As the Coronavirus pandemic continues to spread across the globe, many of us find ourselves having to work from home for the first time. While this may prove daunting for some and a delight for others, flexible working and working from home has become a growing trend in recent decades.
Maya Middlemiss is a Flexible Working Consultant based in Spain and has been working from home for 20 years. She believes that while the definition of remote working has changed a great deal since then, what we are witnessing is the world of telecommuting coming full circle as people begin to work from home.
Speaking to me over the phone she said, “it’s very interesting because obviously it’s been a trend for a while now as the technology has improved as have the collaboration tools people can use. It has been a movement, it has been a trend and as businesses move to cloud based application storage anyway, it becomes less and less important where you are physically located.”
However, Maya has concerns about how people may cope with working from home being forced upon them and feels that the current situation is not ideal. “We talk about office optional working which is about choice and we talk about it being a changed management process of that choice is the ultimate goal and not something you do in response to an emergency so the point that I would like quite clearly to make is that it’s not normally like this, don’t judge the experience by what you might be going through right now.”
I also spoke to Marilyn Devonish, a Flexible Working Implementation Consultant who has also been working from home for almost two decades. She believes that more people will continue to work from home but spoke of the challenges that she faced initially when she was headhunted by a consultancy firm. “They asked me [to work for them] and I said, I love what you are doing but I want to work part time and not only part time, I want to work flexi so I made up this thing called ‘Annualised Hours’, on a spreadsheet it looked really fancy and they agreed. By the time I left 9 or so years later I would say 80% of the company worked the model that I created and it got to the stage where there were so many people working my model that we did downsize and we had a massive three story building in Central London and we downsized to a one floor office within another office.”
When I asked her if she felt that companies may be more inclined to allow their employees to work from home after the COVID-19 crisis is over, she was not convinced. She told me, “many managers manage by seeing. You feel relaxed if you can see your staff and that is why I feel that many of them are resistant to flexible working because they don’t know how to manage someone remotely so I don’t think they will be doing it from that point of view unless the intention is to downsize.”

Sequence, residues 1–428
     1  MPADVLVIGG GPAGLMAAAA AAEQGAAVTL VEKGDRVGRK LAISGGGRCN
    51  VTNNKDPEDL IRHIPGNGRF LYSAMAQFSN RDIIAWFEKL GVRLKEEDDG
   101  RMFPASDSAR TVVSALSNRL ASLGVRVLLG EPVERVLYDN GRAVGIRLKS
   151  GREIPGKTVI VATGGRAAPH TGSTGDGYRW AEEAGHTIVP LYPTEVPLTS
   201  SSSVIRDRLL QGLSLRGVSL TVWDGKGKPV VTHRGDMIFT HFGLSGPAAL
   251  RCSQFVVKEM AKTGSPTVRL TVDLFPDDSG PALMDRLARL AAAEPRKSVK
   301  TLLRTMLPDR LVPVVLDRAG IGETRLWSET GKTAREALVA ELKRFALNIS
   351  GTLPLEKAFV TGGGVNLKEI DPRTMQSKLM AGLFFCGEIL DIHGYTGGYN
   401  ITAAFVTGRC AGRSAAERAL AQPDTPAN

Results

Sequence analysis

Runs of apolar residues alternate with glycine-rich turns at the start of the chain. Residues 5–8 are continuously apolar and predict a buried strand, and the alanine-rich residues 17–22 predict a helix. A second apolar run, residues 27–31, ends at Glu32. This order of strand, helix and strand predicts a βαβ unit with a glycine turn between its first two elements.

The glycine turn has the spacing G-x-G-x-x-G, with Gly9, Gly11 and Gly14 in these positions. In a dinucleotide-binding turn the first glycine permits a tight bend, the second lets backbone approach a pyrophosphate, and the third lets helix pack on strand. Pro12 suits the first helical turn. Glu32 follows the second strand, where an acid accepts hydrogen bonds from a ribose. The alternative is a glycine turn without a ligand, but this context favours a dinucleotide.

One employer who has embraced flexible working is Am Golhar, a Creative Business Media Strategist and founder of Abstract PR. Prior to the outbreak of the Coronavirus, she allowed her employees to work from home a few days a week which she believes has helped them cope better than some within the current situation.
She told me that she has found that having a structure to the day has meant that her employees stay productive and focused on their work. Outlining how she manages her team remotely, she described how, “you have to put protocols in place and at the same time make sure that a routine is in place and met, some of the tools that I put in place regardless of working remotely or not is a structured strategy or a structured schedule for the day where we still have a Zoom call in the morning so you still see each other and you go through certain tasks and you have another zoom conference call in the afternoon so that there is a routine.”
Prior to founding her PR company, Am had previously worked in the fashion industry, having a Manufacturing Consultancy business and was the first British Asian female and youngest to design an exclusive men’s knitwear collection for online retailer ASOS, before working with the likes of Harrods and Burberry. When she founded her PR firm, they worked exclusively from home, however it came to the point where her team needed to meet face to face on a more regular basis and eventually they moved into an office space.
When I asked her if she would consider allowing her employees to continue to work from home after the lockdown measures are lifted, she was open to the prospect, explaining, “there is going to be a financial crash and it is just something that we have got to overcome together and you have just got to obviously come back from all of this so of course it is something that I will have to look at again when we come out of this crisis.”
Addressing the fears of some employers who may have reservations about allowing their staff to work from home she was quick to point out, “if you have got a loyal team and loyal employees that you have employed in the first place and you have got to give your team that reassurance and you have got to keep some stability still in play.”
“At the end of the day, these are not your children, they are all adults and they should have their own accountability at the same time and you know they have tasks so you have got to make sure that you have got a scheduled routine, you have got to make sure that that communication is still going on and that is all key.”
It is clear that while more and more employers are coming around to the idea of allowing their employees to work from home, when staff realise that a meeting which can take roughly an hour and a half in an office setting can be completed in a 45 minute Zoom call, we will start to see more employees asking for the flexibility to work from the comfort of their own homes.
In the words of Fifth Harmony, “you don’t gotta go to work… We can work from home.”
James McCarthy is Journalism Masters student at Ulster University having recently graduated with a BSc in Politics.